I lived with a millionaire for four years.
I know, weird, huh?
Shortly before that, I was a cash-strapped au-pair in Austria. On pay-day (£35 a week), I schlepped to the supermarket on the main square and bought a single vanilla yoghurt.
It was the most delicious treat in the world and made the endless toddler-wrangling of the previous seven days all the more worthwhile.
When I was living with my new partner, I went to the same supermarket and bought five and ate them all in one go.
They were awful. The taste had gone. When I could have as many as I wanted, I didn’t want them and that unique taste which made them so irresistible had died.
Fast-forward a few years and I’ve pretty much been cash-strapped for the last two decades. Unexpected bills, a brutal divorce, a rapidly-growing child, school trips and all the other weird and wonderful paraphernalia of bringing up a child without passing on the money worries to him took its toll. But we got through it, trimming bits here and there, never making him feel he was different from his friends.
The Teenager would often come home from school and find me giving a new lick of paint to my most recent Gumtree find, or extolling the virtues of an empty pot of earth, which eventually grew into a chestnut tree. Until he went to high school, a lot of his clothes came from charity shops, as did most of his books. Despite the roller-coaster of financial ups and downs, we always just about managed to get through.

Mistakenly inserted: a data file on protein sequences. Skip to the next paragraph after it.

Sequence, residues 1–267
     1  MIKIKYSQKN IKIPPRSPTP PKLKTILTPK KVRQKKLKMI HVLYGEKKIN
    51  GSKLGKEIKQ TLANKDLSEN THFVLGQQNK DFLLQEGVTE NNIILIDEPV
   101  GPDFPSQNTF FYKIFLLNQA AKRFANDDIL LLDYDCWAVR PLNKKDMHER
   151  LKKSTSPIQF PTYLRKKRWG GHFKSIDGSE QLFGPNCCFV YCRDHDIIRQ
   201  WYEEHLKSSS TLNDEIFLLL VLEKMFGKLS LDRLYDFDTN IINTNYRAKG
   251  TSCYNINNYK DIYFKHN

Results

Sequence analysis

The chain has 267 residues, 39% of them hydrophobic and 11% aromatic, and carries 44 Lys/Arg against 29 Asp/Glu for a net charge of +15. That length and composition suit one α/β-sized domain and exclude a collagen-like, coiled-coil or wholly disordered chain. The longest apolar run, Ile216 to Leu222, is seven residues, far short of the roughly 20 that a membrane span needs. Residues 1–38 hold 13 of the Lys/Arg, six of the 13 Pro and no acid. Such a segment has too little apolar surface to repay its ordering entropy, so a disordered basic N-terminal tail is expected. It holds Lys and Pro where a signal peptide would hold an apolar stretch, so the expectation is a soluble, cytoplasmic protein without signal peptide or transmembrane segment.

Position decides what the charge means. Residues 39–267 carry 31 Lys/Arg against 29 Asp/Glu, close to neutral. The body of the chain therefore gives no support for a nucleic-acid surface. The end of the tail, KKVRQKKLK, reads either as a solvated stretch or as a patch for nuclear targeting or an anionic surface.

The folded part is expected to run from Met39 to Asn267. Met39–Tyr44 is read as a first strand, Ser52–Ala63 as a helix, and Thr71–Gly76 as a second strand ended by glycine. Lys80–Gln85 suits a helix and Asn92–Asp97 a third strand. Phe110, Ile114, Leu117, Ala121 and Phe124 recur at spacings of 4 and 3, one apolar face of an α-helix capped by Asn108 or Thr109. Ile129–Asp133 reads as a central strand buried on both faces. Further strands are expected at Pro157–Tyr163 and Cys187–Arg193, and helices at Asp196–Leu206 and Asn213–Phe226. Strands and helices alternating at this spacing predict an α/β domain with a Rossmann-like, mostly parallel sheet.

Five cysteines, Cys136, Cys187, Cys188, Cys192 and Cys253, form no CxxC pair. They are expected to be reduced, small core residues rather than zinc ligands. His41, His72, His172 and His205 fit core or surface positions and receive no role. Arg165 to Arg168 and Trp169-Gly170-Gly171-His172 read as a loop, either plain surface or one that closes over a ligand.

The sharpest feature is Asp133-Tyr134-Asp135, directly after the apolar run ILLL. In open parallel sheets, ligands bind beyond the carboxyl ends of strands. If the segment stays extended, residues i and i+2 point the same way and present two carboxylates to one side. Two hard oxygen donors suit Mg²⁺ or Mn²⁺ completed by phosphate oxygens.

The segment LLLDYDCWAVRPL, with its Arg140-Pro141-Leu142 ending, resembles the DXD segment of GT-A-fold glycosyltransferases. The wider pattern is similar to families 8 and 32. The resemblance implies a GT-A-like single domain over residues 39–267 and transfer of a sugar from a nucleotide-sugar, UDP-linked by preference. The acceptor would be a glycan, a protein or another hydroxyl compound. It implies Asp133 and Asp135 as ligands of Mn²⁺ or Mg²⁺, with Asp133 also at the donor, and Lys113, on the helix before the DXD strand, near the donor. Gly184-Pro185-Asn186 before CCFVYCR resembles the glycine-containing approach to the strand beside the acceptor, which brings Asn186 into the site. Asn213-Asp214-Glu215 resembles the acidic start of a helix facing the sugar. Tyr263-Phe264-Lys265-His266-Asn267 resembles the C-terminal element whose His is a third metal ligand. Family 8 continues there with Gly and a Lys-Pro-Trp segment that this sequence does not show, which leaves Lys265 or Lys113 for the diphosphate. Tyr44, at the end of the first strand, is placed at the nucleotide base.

Then MS hit and the reality of losing my job and taking on alternative work at a much-reduced wage was tricky. I realised I was never going to earn a decent income, so I ploughed this anxiety into studying instead and it’s been the making of me.
There’s nothing more heartbreaking than your teenager asking you if we were ‘poor’.
We weren’t. Poverty is relative. He always had what he needed, perhaps second-hand, but he had it nonetheless. Technically we were disadvantaged and according to statistics, living close to the poverty line, but he did not need to grow up with that stigma.
Now The Teenager is forging his own life at University, I can fully appreciate the fantastic house we have created – our plant pots may come from a skip, but they produce a wondrous ambience. Our garden table and chairs are from Gumtree and were nothing a quick wash didn’t solve. Most of our furniture is second-hand, but lovingly-chosen and restored, the rest is donated.
Living with less – financially and health-wise – really made me wake up and appreciate every single thing I have. I’m not denying it was difficult but when I welcome The Teenager back home on vacation, I feel proud that we have made such a cosy and warm environment. The love and care that has been put into our house speaks volumes and I always want him to feel he has a safe space to come home to.
Looking back on my ‘Five Yoghurt Scenario’, it really did teach me many valuable lessons – you can’t take it with you, love is priceless and be careful what you wish for.